Tuesday, February 19, 2008

The 2008 Lafayette Seminar

Welcome to the blog for the Lafayette Seminar!

The 2008 Seminar: ART + PUBLIC Engaging the Community through Art

How does public art contribute to the character and experience of our city? What processes best integrate public artwork into our community? What might the future hold for community art in Lexington? The tenth annual Lafayette Seminars in Public Issues address these questions.

The Wednesday evening presentations are free & open to the public- no registration is required. Participation in the Thursday discussion sessions is also free, but enrollment is limited to a maximum of 40 persons to ensure opportunity for discussion. Pre-registration is required, as lunch will be provided by the Gaines Center.

Click here to register for Art + Public
Click here to read more about the seminar.


Gaines Center for the Humanities said...
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Anonymous said...

Why does Lexington and LexArts need to continue to talk and talk about Public Art?? It is great to talk about- but it is way past time for action.

Most of us know the variety of formats that Public Art can take- it can be a permanent piece, a temporary piece, it can be sound art, light art, community involved art- a memorial, etc., all of these are wonderful forms of public art- all of which should be commissioned for any city that desires public art to enrich its citizens lives, and expose visitors to its unique culture as well.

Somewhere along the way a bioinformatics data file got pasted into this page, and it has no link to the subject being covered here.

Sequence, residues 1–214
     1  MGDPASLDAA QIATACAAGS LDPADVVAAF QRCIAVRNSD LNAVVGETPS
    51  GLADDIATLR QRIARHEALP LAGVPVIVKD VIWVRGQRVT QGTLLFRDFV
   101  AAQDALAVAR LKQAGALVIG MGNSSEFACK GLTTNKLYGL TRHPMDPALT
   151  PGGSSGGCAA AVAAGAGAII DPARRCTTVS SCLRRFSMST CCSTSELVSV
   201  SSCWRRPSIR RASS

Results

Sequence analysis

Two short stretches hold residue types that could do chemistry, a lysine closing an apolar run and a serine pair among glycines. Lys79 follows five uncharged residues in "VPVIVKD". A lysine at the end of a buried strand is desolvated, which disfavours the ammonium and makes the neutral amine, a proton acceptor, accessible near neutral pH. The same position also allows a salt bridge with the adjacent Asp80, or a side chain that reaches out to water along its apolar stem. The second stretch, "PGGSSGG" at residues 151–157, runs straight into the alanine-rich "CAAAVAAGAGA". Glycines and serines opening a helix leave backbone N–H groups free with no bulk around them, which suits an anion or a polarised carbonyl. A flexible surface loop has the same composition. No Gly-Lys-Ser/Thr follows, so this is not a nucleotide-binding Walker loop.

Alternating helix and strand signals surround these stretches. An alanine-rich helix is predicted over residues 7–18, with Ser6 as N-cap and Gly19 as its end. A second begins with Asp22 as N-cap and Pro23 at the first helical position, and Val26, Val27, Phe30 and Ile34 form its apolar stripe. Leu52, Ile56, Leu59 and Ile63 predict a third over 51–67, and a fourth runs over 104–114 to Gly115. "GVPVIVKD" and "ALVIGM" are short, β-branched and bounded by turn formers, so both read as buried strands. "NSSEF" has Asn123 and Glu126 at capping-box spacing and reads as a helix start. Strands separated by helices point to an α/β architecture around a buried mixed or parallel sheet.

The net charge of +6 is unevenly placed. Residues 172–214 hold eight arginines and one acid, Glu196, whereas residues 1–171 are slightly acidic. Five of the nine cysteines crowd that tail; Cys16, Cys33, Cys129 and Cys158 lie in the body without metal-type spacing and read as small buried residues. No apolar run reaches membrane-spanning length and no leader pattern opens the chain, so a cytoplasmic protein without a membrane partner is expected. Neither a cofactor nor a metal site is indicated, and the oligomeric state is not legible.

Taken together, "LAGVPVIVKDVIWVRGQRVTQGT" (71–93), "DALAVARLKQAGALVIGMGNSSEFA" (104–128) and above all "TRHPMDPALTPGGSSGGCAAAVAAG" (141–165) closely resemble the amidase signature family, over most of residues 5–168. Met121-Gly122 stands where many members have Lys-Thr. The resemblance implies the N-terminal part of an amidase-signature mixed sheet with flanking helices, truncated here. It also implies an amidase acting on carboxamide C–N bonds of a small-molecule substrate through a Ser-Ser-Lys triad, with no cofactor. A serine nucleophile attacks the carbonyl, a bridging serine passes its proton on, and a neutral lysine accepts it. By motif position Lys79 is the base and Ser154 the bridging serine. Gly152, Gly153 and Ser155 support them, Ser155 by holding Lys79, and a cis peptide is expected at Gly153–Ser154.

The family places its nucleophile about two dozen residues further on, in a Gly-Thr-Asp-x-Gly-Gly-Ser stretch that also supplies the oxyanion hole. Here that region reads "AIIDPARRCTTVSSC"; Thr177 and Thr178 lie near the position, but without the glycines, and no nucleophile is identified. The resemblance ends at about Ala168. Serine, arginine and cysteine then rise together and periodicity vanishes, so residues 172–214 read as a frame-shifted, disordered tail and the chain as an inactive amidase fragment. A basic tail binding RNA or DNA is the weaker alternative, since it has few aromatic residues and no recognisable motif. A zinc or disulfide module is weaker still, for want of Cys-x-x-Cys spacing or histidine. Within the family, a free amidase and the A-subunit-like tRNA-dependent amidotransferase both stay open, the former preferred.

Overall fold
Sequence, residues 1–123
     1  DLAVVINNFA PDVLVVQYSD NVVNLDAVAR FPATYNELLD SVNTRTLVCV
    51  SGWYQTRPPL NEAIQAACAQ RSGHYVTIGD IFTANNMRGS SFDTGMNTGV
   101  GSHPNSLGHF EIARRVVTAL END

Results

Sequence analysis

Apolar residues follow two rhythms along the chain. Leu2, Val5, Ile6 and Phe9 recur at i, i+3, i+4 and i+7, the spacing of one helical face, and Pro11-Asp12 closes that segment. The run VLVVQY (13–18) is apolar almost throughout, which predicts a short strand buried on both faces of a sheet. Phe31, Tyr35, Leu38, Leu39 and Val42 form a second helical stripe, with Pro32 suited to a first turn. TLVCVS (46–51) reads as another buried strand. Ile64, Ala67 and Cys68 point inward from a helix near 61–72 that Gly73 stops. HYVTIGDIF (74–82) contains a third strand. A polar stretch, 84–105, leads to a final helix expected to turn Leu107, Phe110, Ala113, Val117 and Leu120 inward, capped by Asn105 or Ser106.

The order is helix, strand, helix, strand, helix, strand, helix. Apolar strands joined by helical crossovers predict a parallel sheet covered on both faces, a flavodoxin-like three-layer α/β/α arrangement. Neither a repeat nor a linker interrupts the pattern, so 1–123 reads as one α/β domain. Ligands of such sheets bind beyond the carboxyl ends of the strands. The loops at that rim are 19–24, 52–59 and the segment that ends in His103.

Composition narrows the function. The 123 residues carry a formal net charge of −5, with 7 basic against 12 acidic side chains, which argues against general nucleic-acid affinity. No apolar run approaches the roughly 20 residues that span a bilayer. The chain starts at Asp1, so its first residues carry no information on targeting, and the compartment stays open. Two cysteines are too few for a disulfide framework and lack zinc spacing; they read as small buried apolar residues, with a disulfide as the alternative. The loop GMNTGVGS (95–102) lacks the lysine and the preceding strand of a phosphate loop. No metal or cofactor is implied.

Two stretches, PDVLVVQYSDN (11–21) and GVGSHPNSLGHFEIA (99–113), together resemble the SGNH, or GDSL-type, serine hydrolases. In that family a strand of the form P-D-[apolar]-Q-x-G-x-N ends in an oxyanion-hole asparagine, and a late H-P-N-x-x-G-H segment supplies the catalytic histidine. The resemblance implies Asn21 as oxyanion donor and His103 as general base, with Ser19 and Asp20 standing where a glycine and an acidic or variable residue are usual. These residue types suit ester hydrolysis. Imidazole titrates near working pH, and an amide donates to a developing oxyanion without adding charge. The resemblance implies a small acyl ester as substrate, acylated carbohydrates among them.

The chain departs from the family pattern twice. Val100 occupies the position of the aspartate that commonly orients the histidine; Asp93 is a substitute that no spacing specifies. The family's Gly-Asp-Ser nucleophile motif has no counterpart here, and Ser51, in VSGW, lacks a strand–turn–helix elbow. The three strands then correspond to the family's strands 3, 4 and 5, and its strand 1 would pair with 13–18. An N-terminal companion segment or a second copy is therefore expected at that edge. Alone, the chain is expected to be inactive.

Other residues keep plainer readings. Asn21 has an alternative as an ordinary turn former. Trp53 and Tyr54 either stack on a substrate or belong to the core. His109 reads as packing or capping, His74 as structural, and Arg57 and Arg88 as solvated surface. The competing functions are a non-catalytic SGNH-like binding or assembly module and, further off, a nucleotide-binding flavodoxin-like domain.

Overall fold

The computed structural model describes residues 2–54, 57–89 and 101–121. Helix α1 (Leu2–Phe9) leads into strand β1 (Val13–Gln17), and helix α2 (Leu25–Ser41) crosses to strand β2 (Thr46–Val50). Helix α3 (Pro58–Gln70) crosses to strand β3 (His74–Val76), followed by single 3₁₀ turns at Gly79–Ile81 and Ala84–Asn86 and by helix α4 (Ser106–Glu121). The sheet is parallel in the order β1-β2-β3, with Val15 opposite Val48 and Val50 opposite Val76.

We have all visited a city, and been touched by a chance experience with public art. It has inspired us, moved us, been memorable, or caused some sort of reaction.

There are plenty of thriving public art programs all over the country; Lexington can follow their basic template.
We do not need to re-invent the wheel, nor do we need to place one individual at the helm of developing Lexington's Public Art Policy. It needs to be a committee- of experienced folks- from all walks of life- and professionals with art experience. I bet any city with a thriving public art program would be more than happy to share some of its information about how their program is structured. I bet they would even offer up much of their written literature. Or Americans for the Arts- I bet they have some resources that they would love to share.

Certainly it is enjoyable to listen to artists from other places talk about their artwork- but I do not think that it actually helps Lexington grapple with its ideas about adding Public art for its citizens.

If Lexington wants a "Sound Sculpture" it should issue a call-to-artists, and have a consensus decision from its public art committee, and follow an established protocol- and commission an artist to make a "sound" piece. Or whatever form- we need them all.

We have been ripe for public art for some time now. Surely we can be more original than repeating "Horse Mania" over and over again. Horses are great, and we should highlight them, but we have a much more diverse culture that we can highlight. We already have one of the finest horse sculptures by Gwen Reardon- prominent- right downtown. Let's be creative thinkers. Kentucky is full of creative people.

Anonymous said...

There is a whole lot of money in a public art fund, no?????

Why are we not using this to just get something done???

How much of it is going to pay more consultants and guest speakers?

Why doesn't LexArts engage more Lexington and other regional artists?

Is our process to develop a public art program, public??????????????????